Stature was measured to the nearest 0.1 cm with the subject standing erect on a flat surface, heels, buttocks, and back pressed against the stadiometer, and the head positioned in the Frankfort horizontal plane. Body mass was recorded to the nearest 100 g using a balance scale with subjects clothed only in a light-weight bathing suit. BMI was calculated by dividing body mass (kg) by stature squared (m2). Body density was assessed by underwater weighing (9). Pulmonary residual volume was measured using the oxygen dilution technique (10) in the Indiana, Minnesota, and Texas clinical centers and by the helium dilution method (11,12) in the Québec clinical center. Body density was converted to percent body fat using the equations of Siri (13) for white men, Lohman (14) for white women, Schutte et al. (15) for black men, and Ortiz et al. (16) for black women. Reproducibility of the body density, FM, and pulmonary residual volume assessments were very high with intraclass correlations for repeated measures ranging between 0.97 and 1.00 without significant differences between the four clinical centers (17).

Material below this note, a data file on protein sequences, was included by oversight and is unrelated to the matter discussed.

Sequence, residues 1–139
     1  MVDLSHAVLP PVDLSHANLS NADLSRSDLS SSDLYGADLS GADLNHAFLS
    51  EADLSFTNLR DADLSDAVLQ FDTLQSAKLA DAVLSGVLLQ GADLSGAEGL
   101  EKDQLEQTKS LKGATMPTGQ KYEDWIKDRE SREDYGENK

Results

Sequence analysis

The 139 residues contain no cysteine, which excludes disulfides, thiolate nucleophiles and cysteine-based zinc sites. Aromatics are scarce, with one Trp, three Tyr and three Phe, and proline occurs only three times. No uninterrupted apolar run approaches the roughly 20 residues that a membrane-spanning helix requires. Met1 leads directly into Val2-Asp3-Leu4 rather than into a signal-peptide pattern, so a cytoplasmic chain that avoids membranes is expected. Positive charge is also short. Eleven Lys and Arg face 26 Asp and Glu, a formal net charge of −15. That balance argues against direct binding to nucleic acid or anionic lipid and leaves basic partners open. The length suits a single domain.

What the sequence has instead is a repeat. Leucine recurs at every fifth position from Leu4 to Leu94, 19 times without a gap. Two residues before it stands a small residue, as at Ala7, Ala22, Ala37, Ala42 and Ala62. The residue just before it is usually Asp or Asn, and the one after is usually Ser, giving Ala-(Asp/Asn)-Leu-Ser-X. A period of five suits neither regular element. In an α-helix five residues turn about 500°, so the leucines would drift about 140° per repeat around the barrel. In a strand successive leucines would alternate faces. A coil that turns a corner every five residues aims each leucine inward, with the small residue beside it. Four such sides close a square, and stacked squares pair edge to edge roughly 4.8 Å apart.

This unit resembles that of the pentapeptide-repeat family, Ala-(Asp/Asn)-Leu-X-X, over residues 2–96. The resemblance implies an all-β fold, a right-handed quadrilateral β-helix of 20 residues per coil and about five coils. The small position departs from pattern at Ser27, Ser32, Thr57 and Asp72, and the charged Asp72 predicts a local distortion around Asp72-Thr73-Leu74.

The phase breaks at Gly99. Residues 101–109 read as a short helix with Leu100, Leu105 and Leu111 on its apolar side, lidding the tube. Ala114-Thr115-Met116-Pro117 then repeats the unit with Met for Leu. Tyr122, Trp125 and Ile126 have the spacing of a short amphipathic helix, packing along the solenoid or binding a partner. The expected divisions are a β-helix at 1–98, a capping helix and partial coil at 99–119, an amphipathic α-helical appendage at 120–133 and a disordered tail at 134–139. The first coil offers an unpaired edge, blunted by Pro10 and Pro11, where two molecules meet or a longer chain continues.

Genotype determinations

Genomic DNA was prepared from permanent lymphoblastoid cells by commercial DNA extraction kit (Gentra Systems, Minneapolis, MN). The FTO rs8050136 SNP was genotyped using the Illumina (San Diego, CA) GoldenGate chemistry and Sentrix Array Matrix technology on the BeadStation 500GX. Genotype calling was done with the Illumina BeadStudio software and each call was confirmed manually. For quality control purposes, five CEPH control DNA samples (NA10851, NA10854, NA10857, NA10860, and NA10861; all samples were included in the HapMap Caucasian panel) were genotyped in duplicate. Concordance between the replicates as well as with the rs8050136 genotypes from the HapMap database was 100%.

Statistical analyses